Mobile RTX 3060 Flexes Geekbench 5 Muscles

Ampere Silicon
(Image credit: Nvidia)

We have our first benchmark sighting for the highly-anticipated RTX 3060 mobile GPU from Nvidia. The GPU was spotted in a Gigabyte G5 running Geekbench 5's OpenCL benchmark.

The RTX 3060 will be Nvidia's latest mid-range GPU for mobile devices. The GPU comes with a fully unlocked GA106 core with 3840 CUDA cores (yes, more than the desktop variant) and a combination of either 14Gbps or 12Gbps VRAM with 6GB of capacity (yes, potentially half the VRAM of the desktop card). The 3060's power consumption will vary significantly depending on the laptop model, with a configurable TDP of 60-115W depending on the OEM's design choices.

In the Gigabyte G5, the RTX 3060 scored 93,263 points in the OpenCL benchmark. This equates to performance just below a desktop RTX 2070 Super and just above the RTX 2080 Super Max-Q. Yes, you read that correctly: RTX 2070 Super (Max-P) tends to outperform RTX 2080 Super Max-Q. That's why Nvidia's decision to obfuscate RTX 30-series mobile power levels even more annoying.

If these results are indicative of real-world performance, the RTX 3060 in the Gigabyte G5 laptop offers excellent performance for a mid-range laptop. Unfortunately, we have no idea of the 3060's TGP in the Gigabyte G5 (probably at the higher end of the TGP range), and other aspects of the latop configuration (memory, CPU, storage) can also impact performance.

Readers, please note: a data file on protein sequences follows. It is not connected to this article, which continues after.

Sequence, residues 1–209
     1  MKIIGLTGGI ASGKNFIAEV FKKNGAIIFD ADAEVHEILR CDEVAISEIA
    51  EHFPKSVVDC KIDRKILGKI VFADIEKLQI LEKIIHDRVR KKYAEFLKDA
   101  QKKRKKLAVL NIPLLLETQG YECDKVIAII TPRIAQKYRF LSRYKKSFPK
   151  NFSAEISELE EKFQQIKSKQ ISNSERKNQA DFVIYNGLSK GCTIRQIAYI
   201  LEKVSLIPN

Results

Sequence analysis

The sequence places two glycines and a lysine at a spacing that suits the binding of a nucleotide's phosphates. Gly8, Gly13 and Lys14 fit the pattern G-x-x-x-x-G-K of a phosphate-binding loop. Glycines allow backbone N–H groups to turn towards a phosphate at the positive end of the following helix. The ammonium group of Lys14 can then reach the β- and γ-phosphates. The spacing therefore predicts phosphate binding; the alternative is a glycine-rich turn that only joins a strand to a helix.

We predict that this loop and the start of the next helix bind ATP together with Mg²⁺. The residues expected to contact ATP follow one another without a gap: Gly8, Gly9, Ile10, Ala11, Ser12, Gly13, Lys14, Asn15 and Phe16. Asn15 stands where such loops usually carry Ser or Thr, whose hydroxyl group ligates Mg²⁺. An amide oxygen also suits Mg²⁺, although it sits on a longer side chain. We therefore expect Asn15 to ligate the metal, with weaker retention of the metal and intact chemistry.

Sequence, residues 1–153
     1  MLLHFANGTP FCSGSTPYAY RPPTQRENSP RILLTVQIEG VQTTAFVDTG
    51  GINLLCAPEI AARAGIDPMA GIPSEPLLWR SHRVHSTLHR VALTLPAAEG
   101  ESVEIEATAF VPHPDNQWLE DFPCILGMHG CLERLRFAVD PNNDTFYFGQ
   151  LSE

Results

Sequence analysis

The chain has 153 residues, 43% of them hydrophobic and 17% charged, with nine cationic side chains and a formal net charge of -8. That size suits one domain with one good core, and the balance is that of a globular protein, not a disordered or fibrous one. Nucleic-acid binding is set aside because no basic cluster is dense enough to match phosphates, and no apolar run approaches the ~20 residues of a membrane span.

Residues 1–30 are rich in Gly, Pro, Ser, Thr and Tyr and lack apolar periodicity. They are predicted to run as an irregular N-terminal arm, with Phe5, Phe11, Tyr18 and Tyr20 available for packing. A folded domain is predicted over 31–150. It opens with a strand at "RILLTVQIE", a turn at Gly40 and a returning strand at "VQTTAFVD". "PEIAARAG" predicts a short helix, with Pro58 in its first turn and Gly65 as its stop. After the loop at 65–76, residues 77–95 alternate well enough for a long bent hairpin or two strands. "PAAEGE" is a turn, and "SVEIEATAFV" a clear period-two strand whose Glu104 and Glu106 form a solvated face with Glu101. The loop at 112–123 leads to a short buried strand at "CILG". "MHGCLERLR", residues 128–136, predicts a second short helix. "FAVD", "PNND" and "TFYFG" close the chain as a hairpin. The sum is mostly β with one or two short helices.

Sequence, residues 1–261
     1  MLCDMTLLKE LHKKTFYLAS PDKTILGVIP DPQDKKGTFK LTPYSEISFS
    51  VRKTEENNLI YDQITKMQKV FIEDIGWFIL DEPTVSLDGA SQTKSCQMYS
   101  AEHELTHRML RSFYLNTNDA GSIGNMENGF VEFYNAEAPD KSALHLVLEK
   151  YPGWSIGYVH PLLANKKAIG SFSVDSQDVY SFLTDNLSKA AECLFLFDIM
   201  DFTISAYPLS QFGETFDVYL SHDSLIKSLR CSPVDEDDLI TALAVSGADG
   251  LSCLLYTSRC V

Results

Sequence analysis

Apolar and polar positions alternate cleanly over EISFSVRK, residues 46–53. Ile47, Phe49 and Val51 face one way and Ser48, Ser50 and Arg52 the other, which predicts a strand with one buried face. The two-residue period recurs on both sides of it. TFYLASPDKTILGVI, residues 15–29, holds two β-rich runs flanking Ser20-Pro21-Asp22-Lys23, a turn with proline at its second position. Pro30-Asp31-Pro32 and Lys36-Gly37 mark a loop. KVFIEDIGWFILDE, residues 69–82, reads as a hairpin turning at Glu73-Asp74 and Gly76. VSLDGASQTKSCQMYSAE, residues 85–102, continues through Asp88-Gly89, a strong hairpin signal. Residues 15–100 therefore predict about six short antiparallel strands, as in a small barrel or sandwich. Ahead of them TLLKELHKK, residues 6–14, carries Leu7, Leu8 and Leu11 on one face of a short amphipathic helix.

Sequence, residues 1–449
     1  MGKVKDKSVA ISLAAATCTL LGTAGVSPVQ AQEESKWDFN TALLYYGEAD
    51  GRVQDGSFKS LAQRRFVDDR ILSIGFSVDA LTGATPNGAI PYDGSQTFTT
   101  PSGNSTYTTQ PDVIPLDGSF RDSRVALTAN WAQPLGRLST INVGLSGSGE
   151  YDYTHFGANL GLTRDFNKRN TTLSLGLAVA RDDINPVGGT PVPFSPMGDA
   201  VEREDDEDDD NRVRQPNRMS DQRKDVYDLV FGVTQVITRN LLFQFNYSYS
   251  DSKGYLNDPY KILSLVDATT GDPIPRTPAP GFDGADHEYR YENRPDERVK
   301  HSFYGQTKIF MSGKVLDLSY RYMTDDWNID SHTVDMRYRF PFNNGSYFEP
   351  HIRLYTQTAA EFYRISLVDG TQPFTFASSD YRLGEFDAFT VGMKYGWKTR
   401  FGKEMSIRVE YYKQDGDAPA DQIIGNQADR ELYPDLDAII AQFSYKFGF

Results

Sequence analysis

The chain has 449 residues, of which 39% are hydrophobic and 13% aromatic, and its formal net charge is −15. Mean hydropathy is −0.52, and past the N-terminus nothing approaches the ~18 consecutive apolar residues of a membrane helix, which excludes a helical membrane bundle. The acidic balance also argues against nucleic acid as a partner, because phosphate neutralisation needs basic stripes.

This has become an ongoing problem with mobile Ampere, as each GPU model can run at significantly variable TGPs. According to Nvidia's site, an RTX 3060 laptop can run from a minimum spec of 60W ("Max-Q") up to 115W, a near doubling of the total power limit. In short, performance for Nvidia's mobile Ampere GPUs depends on more than just the GPU model number.

The GPU core counts on an RTX 3060 will be the same, whether that's a 60W model or a 115W model, but clock speeds are directly impacted by power limits. The design of the laptop chassis and cooling solution for the GPU are major factors in overall performance, and based on what we've seen with RTX 20-series Max-Q parts, the performce difference between minimum power and maximum power variants could be as large as 30 percent.

This represents a double-edged sword for the laptop industry. It's a positive for manufacturers, as they can produce quality thin and light laptops with better thermals and acoustics. It could turn out to be a nightmare for consumers, however, trying to determine whether you're getting a "fast" high-power laptop or a "slow" low power laptop. Generally speaking, we expect most laptops that fall into the thin and light category to use lower TGP configurations.

Back to the Gigabyte G5 laptop, we suspect this specific RTX 3060 model uses a higher TGP setup. The G5 measures 3‎61x258x27.9mm, so it's a bit thicker and bulkier and thus has the potential to properly cool a 100W GPU. Sadly, the only way to know for certain how it performs relative to other RTX 3060 models is to test each one.

Aaron Klotz
Freelance News Writer

Aaron Klotz is a freelance writer for Tom’s Hardware US, covering news topics related to computer hardware such as CPUs, and graphics cards.